A recent Southern District of Florida decision addressed this issue.1

A property in Islamorada, Florida, which was owned by the estate of Raymond K. Hampson, was damaged by Hurricane Irma in September 2017. The personal representative for the estate, Timothy R. Hampson (“Hampson”) made a claim for damages under the standard flood insurance policy (“SFIP”) covering the property. When Hampson sued Wright National Flood Insurance Company, a Write Your Own (“WYO”) carrier, for breach of the insurance contract, Hampson also sought an award of attorney’s fees, costs and case expenses under the Equal Justice to Access Act (the “EAJA”), 28 U.S.C. § 2412.
Continue Reading Recovery of Attorney’s Fees in Federal Flood Cases Under the Equal Access to Justice Act?

It has been almost eight months since Hurricane Michael devastated the eastern side of the Florida Panhandle. Not surprisingly, many residents and business owners are exhausted. Exhausted in the deepest sense—exhausted from waiting, exhausted from hoping, exhausted from failed promises made by their insurer, which benefited from premiums faithfully paid, only to find out that their insurer has “exhausted” its obligation to them. What is the recourse for the insured who has purchased insurance coverage to protect against a catastrophe such as Hurricane Michael? Will an insured be indemnified under its contract of insurance, including recovery of the costs and expense to pursue the benefits of the policy in court if necessary?
Continue Reading Attorneys’ Fees and Costs for the Prevailing Insured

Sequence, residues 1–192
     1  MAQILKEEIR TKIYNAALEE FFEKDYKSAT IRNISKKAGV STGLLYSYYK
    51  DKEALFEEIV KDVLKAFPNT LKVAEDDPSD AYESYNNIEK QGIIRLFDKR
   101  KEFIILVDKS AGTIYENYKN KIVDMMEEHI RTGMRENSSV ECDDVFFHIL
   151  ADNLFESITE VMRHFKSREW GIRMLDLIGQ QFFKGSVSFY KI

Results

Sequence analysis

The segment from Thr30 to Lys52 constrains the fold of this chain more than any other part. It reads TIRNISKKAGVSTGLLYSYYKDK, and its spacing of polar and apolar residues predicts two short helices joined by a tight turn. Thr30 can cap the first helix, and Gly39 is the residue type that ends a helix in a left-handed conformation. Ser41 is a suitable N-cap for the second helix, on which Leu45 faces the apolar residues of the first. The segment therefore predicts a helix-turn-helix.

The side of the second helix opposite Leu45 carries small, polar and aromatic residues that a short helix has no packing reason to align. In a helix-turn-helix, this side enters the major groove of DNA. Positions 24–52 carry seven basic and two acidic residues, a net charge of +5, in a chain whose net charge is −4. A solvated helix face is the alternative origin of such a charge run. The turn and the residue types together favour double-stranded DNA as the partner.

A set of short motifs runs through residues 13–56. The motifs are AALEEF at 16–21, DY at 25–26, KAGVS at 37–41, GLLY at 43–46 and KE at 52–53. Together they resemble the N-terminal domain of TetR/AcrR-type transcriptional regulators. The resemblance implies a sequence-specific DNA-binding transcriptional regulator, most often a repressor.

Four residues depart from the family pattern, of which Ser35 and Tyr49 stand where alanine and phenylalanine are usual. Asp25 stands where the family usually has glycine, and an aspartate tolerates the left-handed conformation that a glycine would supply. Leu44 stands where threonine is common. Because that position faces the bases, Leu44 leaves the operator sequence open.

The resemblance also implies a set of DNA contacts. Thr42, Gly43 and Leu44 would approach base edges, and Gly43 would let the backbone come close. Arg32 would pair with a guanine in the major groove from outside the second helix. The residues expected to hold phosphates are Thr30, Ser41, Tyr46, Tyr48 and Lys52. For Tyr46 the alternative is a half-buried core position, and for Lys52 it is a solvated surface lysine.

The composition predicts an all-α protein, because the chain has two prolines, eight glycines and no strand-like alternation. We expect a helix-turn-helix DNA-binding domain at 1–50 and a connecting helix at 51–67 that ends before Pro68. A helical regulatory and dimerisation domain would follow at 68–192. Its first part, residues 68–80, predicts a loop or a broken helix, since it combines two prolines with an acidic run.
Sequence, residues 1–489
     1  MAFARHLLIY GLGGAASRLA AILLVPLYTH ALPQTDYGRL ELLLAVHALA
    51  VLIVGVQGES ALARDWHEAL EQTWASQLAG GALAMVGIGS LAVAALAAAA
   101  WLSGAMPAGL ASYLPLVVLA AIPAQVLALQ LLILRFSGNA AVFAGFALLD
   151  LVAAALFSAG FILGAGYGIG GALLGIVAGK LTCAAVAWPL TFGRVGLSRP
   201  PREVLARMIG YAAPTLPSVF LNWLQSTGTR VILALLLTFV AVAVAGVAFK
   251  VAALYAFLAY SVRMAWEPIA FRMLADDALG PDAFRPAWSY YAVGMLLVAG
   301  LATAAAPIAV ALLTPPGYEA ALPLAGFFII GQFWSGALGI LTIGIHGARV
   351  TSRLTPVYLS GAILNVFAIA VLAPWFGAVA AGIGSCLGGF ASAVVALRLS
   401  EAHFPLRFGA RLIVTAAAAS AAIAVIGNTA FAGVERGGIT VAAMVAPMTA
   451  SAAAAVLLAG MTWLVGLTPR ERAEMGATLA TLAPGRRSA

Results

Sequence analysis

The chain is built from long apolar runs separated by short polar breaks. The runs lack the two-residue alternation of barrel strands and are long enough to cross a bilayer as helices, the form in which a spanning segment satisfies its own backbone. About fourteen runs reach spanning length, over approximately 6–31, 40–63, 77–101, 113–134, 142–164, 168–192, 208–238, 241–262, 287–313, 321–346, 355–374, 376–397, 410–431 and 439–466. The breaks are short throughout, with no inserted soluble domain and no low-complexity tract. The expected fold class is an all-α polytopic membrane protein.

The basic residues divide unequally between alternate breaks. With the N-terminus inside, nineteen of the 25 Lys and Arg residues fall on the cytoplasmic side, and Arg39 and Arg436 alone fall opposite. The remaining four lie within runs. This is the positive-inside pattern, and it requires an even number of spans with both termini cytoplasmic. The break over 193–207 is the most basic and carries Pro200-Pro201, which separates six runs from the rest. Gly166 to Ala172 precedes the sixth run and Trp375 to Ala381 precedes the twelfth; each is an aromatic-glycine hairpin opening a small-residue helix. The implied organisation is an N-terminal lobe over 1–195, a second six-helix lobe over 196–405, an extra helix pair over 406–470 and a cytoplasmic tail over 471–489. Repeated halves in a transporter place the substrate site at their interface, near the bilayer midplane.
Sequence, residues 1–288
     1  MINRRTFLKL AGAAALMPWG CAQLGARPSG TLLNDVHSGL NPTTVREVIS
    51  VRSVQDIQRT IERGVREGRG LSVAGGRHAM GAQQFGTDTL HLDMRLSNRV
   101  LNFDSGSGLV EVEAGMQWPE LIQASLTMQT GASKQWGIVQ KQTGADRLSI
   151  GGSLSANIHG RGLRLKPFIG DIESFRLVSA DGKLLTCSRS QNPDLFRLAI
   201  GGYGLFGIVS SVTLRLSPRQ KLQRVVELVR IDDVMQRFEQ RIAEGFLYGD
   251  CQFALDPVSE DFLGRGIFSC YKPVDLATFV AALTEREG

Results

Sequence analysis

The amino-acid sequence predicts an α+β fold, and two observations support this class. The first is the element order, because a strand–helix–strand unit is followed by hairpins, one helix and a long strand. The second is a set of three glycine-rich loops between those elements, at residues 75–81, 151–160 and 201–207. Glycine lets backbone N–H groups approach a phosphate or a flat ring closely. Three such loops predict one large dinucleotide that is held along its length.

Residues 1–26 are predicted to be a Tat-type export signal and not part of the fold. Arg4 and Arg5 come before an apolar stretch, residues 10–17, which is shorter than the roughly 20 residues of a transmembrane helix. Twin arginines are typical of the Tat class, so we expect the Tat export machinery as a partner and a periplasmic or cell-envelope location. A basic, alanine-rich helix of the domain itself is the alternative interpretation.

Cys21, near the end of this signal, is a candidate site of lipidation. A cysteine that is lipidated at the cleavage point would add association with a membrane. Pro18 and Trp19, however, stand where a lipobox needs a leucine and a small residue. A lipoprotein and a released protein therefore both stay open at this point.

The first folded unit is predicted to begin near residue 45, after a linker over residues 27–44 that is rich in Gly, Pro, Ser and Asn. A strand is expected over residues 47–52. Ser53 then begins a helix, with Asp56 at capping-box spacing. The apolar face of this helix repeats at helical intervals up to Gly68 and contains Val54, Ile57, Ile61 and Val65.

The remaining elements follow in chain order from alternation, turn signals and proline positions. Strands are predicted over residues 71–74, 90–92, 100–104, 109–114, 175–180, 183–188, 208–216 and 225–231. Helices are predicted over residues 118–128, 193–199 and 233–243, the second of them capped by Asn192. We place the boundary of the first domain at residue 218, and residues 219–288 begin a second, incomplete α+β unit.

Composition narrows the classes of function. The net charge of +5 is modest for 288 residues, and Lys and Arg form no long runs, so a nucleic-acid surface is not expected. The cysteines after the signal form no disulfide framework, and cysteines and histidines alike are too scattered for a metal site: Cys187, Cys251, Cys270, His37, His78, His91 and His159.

In a recent decision from a United States District Court, the trial court had to decide whether the insured was owed statutory interest and attorneys’ fees even though the insured did not properly plead for the interest or fees. In Agredano v. State Farm Lloyds, the insured prevailed on their breach of contract claim.1 After the trial, the court had to decide if the insured was allowed to recover statutory interest and attorneys’ fees.
Continue Reading Interest and Attorneys’ Fees? – Saved by the Federal Rules of Civil Procedure

Attorneys’ fees are often sought by insureds in the course of litigation for insurance claims. However, they are not guaranteed and are not always granted. In a recent ruling in Brown v. Wright National Flood Insurance Company,1 the court dismissed the insured’s claim for attorneys’ fees.
Continue Reading Federal Law Preempts State Law Claim for Attorneys’ Fees in Recent Hurricane Irma Case

Bad faith and consequential damages has long been a thorn in the New York plaintiff attorney’s side as they are virtually impossible to recover in most breach of contract actions. Recently, one plaintiff was able to recover attorney’s fees and costs by meeting the stringent standard set forth by New York case law.
Continue Reading Plaintiffs in New York Recover Attorney’s Fees in First-Party Property Claim

Back on November 7 of last year (2017), I wrote about an important opinion in the world of property insurance litigation, Joyce v. Federated National Insurance Company,1 where the Florida Supreme Court reaffirmed that you could still obtain a contingency-fee multiplier where justified under Quanstrom and in so doing reversed the Fifth District Court of Appeal finding that such a multiplier should be limited to “rare” and “exceptional” circumstances. Tom Elligett and Amy Farrior represented the Joyces in this landmark case.
Continue Reading Policyholder Attorneys Beware: Make Sure Your Contingency Fee Multiplier Awards Are Airtight and “Anderson” Proof

William and Judith Joyce filed a claim with their insurer, Federated National, after suffering water damage to their home. Instead of agreeing to cover the loss, Federated National denied the Joyces’ claim alleging they made material misrepresentations on their insurance application by failing to disclose prior losses they had with their previous carrier.
Continue Reading Court Reaffirms on Contingency Fee Multipliers in Joyce v. Federated National

There are many rumors going around about House Bill 1774, better known as “The Hail Bill” or “The Blue Tarp Bill,” which will go into effect on September 1, 2017. It is important to debunk those rumors and explain exactly what the bill means to Texas policyholders and their rights in this state.
Continue Reading The Truth About “The Hail Bill” That Messes with Texas